But there are other kinds of moon dials. A 'ball moon' is an unusual variant, whereby a brass ball with one half silvered and one half blackened is set in the arch of a clock. At any one moment the silvered section shows the moon's phase, which can be anywhere from a slim crescent to a full moon. This is sometimes incorrectly called a 'Halifax moon', a term more correctly used to describe a 'rolling' type of moon when set onto a square dial and therefore positioned below then XII numeral. A ball moon can also sometimes have tidal times too, but that is unusual.
Yet another type of combined moon-and-tide dial appears, though this is very rare. The arch contains a painted scene of the night sky, with the moon represented by a small ball projecting through the dial, half black and half white, turning just like the larger 'ball moon' type. Below the sky is a coastal landscape with cliffs and a seashore, in which a blue panel, representing the sea level, is capable of rising and falling against the cliffs as if with the tide. This system was supposedly invented by James Ferguson, a noted scientist, and is said to have been first incorporated into a clock made for the Dock master in Liverpool in 1764, and published by him in 1771 and 1773 in a simplified form. This full version of the moon-and-tide system is seldom seen, but I have occasionally seen the rising tide system with a rise/fall shutter on its own in clocks.
A moondial longcase clock tends to be amongst the most costly, both today and also at the time of its original making. Those with tidal dials as well were, and still are, often more costly still. Moondial clocks were always in the great minority, and today tend to be in the greatest demand, so there is a certain scarcity factor with them, the more so with tidal dials which are scarcer still.
A moondial clock (with or without tides) contains far more parts and more gear work in the making, which clearly had to be paid for. But there is more to it than that. A clock with a moon was usually bought by a wealthier-than-average customer, who wanted the best. It follows therefore that other features of the clock will also be costly ones - perhaps a fine mahogany case, perhaps exceptional amounts of inlay or fretwork, perhaps a particularly handsome dial ... In other words a moon dial or tidal dial (or the usual combination of the two) may have been an optional extra onto what was already a costlier type of clock and very much an up-market clock anyway.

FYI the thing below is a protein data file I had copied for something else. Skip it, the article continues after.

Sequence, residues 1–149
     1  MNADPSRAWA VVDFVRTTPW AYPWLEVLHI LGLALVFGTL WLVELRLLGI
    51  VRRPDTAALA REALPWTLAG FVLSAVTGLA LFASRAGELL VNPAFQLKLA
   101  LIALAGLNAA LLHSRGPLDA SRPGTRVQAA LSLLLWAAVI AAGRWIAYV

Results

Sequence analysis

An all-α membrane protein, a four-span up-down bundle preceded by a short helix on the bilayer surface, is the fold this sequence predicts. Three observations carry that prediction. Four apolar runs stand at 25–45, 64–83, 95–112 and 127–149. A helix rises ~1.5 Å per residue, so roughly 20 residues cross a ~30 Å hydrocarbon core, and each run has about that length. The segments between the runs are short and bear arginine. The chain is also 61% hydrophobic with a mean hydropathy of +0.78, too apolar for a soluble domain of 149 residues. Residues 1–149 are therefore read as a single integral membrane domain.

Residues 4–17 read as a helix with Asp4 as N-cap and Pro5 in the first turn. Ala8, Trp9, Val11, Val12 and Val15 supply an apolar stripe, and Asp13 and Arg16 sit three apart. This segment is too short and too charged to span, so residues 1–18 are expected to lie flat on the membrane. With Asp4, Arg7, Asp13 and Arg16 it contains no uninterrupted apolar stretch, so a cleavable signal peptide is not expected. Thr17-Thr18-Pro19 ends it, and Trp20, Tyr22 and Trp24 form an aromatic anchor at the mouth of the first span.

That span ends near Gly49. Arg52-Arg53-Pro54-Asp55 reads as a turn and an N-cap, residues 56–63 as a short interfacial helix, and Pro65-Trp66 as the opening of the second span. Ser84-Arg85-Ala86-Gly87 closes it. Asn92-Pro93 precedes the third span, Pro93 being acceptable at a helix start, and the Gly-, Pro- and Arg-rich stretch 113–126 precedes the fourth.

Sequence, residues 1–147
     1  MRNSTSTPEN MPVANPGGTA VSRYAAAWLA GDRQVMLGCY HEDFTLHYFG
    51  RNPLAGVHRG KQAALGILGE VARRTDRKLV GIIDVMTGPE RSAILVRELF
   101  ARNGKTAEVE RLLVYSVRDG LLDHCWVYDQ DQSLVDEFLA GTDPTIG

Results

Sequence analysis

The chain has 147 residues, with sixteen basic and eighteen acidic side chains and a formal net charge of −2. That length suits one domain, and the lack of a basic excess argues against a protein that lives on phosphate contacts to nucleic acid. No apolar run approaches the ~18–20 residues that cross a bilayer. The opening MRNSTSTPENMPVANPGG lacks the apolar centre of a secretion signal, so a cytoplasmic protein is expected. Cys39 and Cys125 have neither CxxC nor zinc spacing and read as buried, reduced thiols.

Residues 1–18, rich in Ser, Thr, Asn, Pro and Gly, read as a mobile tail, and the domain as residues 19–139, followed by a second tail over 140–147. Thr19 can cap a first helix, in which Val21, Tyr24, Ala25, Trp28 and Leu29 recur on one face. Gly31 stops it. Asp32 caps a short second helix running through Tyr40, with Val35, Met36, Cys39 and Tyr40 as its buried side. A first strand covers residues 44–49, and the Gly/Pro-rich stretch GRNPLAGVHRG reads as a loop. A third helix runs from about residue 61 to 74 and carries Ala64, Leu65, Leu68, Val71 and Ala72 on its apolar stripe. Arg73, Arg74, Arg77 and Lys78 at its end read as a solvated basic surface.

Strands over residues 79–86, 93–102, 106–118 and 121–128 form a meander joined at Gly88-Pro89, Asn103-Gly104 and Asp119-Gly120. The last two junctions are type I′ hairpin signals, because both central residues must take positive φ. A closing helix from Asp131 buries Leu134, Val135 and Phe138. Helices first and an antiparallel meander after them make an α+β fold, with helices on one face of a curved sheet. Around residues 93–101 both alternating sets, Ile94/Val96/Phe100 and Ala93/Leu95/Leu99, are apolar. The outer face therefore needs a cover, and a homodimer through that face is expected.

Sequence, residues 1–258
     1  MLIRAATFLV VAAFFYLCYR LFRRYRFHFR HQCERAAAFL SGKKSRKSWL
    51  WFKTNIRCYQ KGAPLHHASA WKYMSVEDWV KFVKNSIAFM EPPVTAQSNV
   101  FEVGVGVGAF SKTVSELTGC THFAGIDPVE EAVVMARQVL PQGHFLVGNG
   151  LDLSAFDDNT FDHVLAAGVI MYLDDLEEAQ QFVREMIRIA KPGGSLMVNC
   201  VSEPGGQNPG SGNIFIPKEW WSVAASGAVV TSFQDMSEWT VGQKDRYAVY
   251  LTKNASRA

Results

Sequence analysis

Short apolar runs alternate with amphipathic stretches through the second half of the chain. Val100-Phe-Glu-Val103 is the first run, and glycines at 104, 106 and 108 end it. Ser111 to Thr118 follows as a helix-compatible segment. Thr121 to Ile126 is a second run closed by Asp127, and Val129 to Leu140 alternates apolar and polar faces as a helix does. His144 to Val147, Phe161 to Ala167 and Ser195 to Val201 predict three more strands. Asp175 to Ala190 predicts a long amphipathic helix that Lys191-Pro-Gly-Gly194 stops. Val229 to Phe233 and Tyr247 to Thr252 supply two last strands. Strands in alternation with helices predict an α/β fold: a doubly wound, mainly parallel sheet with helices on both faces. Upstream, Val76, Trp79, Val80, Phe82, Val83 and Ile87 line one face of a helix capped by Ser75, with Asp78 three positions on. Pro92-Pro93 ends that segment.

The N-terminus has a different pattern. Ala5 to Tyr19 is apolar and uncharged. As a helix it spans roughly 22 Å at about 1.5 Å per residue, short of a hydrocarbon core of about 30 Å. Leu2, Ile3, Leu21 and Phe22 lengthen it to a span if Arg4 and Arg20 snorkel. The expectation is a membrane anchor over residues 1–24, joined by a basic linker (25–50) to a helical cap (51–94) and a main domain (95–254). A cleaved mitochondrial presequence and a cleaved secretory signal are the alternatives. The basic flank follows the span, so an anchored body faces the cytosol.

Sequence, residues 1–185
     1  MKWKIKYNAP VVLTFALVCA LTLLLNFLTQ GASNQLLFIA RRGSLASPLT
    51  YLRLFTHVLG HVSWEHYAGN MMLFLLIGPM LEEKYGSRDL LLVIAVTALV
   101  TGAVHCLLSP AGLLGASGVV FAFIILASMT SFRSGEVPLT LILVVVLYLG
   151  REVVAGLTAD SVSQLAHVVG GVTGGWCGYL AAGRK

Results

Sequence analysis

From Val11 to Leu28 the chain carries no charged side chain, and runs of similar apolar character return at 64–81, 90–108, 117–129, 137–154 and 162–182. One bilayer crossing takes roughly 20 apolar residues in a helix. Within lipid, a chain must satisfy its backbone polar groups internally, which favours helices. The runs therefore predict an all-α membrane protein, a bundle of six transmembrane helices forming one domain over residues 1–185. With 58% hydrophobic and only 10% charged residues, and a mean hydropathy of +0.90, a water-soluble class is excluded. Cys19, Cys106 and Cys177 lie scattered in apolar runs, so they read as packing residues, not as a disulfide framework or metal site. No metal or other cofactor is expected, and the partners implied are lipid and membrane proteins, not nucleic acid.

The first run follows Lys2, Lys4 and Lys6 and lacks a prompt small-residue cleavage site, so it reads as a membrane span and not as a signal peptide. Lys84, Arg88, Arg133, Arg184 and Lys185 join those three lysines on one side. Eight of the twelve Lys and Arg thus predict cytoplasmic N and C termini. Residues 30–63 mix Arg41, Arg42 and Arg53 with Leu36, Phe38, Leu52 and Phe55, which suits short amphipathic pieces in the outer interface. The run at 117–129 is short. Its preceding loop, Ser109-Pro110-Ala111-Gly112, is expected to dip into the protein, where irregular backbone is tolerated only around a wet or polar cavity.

A clockmaker was willing to make what the customer wanted, and most of his work was made to order rather than his making a clock on spec in the hope that somebody might walk in and buy it. It is therefore just about conceivable that a contrary customer might opt to order an otherwise cheap clock, which also had a moon and/or tidal dial as an extra. In fact we do sometimes see very honest and sturdy oak country thirty-hour clocks, sometimes single-handers even, which have moon dials. The moon was important to country folk, usually much more important than minutes or seconds, and such a clock would show moons but neither seconds nor minutes. But when I suggest a moon was usually an optional extra on an already costly clock, I am thinking of grander eight-day clocks, often in mahogany or with considerable mahogany trim.
I have seen eight-day clocks, even sometimes in mahogany or mixed woods, which were pretty poor, miserable things yet still had moons. But that was generally not the case and most clocks which carry a moon dial, or moon and tide dial, were top of the range models of the particular type in question. A moon dial clock was not always top of the range, but if you wanted a top-of-the-range clock, it had to have a moon. If you wanted the best available dial type, then it would have a moon, and maybe even tides too. This is why many moon dial clocks are expensive today, because they represent the best of their period.
Copyright © 2013 Brian Loomes